Trump admin. sends proposal to Congress to bring U.S. into compliance with USMCA

OAN Newsroom
UPDATED 6:33 AM PT — Wednesday, January 30, 2019

Congress has received a “to do list” from the Trump administration to begin phasing out parts of NAFTA in favor of the new USMCA trade agreement. U.S. Trade Representative Robert Lighthizer introduced the proposal on Tuesday, pushing Congress closer toward ratifying the agreement.

The list includes tariff exemptions for Canada and Mexico, and changes to the “rules of origin” clause for importing vehicles and auto parts to encourage free and reciprocal trade.

“But we lost 25% of our car business because of NAFTA. NAFTA was a disaster. Now we have the USMCA. It makes it very difficult for companies to, incentive wise, move to other countries, and we will be making billions and billions of dollars a year more money.” — President Donald Trump

In the long run, the USMCA is expected to boost manufacturing jobs in the U.S. and give dairy farmers greater access to the heavily guarded Canadian market.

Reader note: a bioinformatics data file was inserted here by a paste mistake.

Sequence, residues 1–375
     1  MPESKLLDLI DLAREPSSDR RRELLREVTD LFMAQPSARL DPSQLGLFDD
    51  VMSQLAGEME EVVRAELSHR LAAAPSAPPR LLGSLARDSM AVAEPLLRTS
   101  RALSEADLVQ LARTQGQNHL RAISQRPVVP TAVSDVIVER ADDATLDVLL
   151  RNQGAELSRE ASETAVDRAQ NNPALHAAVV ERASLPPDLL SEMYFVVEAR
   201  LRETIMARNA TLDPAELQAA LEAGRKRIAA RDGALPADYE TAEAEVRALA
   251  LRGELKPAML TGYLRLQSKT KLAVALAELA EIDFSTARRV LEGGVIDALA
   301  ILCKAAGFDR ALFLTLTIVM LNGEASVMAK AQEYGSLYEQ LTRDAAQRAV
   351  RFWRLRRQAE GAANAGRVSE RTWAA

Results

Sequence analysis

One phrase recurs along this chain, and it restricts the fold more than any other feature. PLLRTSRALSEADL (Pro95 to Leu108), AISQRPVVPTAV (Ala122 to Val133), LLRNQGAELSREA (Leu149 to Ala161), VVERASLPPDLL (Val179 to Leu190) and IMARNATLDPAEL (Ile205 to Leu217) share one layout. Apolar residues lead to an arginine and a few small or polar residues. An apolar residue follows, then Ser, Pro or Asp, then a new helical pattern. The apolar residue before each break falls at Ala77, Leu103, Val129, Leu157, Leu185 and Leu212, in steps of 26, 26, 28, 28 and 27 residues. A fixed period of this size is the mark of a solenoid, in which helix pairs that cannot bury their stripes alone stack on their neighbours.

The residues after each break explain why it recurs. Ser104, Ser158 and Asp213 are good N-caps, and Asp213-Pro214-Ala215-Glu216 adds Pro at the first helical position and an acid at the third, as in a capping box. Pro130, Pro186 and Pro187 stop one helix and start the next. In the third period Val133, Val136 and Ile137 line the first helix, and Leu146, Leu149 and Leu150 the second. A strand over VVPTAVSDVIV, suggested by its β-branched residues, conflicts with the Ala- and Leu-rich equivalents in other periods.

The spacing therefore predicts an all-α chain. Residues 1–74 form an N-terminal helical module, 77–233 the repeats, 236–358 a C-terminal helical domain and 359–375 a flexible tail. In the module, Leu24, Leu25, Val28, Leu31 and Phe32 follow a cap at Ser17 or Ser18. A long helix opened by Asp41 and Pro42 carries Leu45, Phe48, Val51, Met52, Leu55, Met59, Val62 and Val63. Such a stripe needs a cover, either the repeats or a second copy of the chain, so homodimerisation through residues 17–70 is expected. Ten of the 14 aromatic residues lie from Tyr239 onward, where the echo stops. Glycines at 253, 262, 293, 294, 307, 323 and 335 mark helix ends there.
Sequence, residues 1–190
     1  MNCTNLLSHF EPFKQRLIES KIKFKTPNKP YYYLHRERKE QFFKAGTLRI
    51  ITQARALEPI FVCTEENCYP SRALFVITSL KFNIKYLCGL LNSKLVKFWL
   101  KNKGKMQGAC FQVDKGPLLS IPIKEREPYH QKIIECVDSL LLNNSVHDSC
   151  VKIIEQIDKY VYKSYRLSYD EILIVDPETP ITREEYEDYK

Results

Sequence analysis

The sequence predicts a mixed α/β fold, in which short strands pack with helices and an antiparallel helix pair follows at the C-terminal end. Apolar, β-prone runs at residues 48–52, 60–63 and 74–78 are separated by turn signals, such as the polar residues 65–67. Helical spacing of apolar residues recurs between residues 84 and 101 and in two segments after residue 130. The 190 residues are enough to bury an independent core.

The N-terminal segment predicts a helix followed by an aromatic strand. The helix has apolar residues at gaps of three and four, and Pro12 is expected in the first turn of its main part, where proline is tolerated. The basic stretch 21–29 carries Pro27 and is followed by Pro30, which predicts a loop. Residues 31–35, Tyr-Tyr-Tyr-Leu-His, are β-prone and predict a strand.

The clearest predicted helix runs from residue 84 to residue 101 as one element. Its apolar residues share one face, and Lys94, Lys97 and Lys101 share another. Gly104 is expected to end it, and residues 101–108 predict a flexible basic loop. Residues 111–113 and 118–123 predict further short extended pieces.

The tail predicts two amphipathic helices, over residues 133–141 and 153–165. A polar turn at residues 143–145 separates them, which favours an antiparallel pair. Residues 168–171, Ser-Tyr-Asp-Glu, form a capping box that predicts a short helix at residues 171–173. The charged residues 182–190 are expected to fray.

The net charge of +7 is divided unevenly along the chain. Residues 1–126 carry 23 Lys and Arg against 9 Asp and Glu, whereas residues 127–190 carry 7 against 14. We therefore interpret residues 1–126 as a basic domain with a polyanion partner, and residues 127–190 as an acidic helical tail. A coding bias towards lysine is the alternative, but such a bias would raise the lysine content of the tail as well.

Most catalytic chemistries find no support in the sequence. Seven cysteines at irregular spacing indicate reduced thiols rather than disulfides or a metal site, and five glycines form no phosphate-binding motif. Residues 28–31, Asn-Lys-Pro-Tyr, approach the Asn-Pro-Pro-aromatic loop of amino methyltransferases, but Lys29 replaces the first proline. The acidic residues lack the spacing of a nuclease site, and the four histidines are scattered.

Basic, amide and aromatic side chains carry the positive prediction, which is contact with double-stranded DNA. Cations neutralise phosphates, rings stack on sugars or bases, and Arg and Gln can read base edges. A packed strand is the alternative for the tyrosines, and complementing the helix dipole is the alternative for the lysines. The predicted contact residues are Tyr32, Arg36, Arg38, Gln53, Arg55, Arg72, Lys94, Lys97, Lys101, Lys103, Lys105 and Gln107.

The replacement NAFTA deal was signed by President Trump, Canadian Prime Minister Justin Trudeau, and outgoing Mexican President Enrique Pena Nieto on the sidelines of the G-20 summit last November.

President Donald Trump, Canada’s Prime Minister Justin Trudeau, right, and Mexico’s President Enrique Pena Neto, left, participate in the USMCA signing ceremony, Friday, Nov. 30, 2018 in Buenos Aires, Argentina. (AP Photo/Pablo Martinez Monsivais)

“This new agreement will ensure a future of prosperity and innovation for Mexico, Canada, and the United States,” stated President Trump. “I look forward to working with members of Congress and the USMCA partners, and I have to say, it’s been so well reviewed, I don’t expect to have very much of a problem.”

However, if you fast forward several months, lawmakers have been hesitant to take it up for a vote. Many Democrats, including House Speaker Nancy Pelosi, are saying they want to see Mexico make a good faith effort on reforms first.

In the upper chamber, Chairman Chuck Grassley of the Senate Finance Committee was also hesitant. He said lawmakers will need to carefully consider the proposal and work out all the details before bringing it for a vote.

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